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Cliff Bidlingmaier successfully resolves a Civil Rights Matter/Wrongful Death Claim involving the New Jersey State Police

May 30, 2018

 

trentonian.com

By Paul Mickle, The Trentonian TRENTON —

 

State to pay $750,000 to family of man killed during trooper-involved crash.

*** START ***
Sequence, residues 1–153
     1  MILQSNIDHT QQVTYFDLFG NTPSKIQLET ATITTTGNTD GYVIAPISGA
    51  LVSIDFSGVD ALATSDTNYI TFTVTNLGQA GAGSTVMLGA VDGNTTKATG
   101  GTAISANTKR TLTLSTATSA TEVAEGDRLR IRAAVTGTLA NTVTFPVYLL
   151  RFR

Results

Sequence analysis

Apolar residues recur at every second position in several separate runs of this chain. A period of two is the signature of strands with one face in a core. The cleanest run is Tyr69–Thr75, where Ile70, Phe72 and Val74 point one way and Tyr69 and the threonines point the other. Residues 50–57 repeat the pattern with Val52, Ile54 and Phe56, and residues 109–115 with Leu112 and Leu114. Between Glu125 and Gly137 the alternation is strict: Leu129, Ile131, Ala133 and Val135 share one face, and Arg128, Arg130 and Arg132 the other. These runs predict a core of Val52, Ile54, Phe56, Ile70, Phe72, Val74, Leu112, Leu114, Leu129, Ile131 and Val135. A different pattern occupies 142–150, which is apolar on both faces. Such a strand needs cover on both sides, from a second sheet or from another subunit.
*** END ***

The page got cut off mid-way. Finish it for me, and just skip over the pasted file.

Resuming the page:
An out-of-court settlement of $750,000 has been made between the state and the Trenton family of a new father killed in a 2007 pileup on the Atlantic City Expressway that his lawyers blamed on state troopers. John Robinson, 21, was killed when his disabled car was hit and burst into flames just after he ran back to it to get his cell phone at 10:30 the night of July 30 that year. He had a baby son who is now seven. Lawyers Cliff Bidlingmaier and Robin Lord, who represented the boy and Robinson’s mother, put responsibility for the death on Jersey troopers. Lord said Robinson was a passenger in a car that crashed with a state police cruiser pulling out into the 65-mph highway. Everyone jumped from the wrecked car and ran to the shoulder. With the cop flashing the cruiser lights further down the highway, Lord said, cars were screeching around the wreck. Robinson decided to rush back to the car to get his cell phone to call for help. It was hit while he was leaning into the car, which burst into flames charring much of his body by the time troopers were able to get at State to pay $750,000 to family of man killed during trooper-involved crash about:reader?url=http://www.trentonian.com/general-news/20140919/stat... 1 of 2 12/14/2017, 9:36 AM him to pull him out of the fire. That night troopers arrested the driver of the third car and charged him with causing an injury in an accident while driving with a suspended license, but not death by auto. The Robinson lawyers said his death was “at the hands of the state police’’ for their handling of lighting and other issues after the chaotic crash that night on the ACE. Bidlingmaier and Lord also complained that Atlantic County Superior Court Judge Nelson Johnson had to declare a mistrial after an earlier trial because missing videos from the patrol cruisers turned up at the end of the proceedings. The state was represented by Toms River lawyers Tom Monahan and Jared Monaco, who failed to return repeated calls for comment

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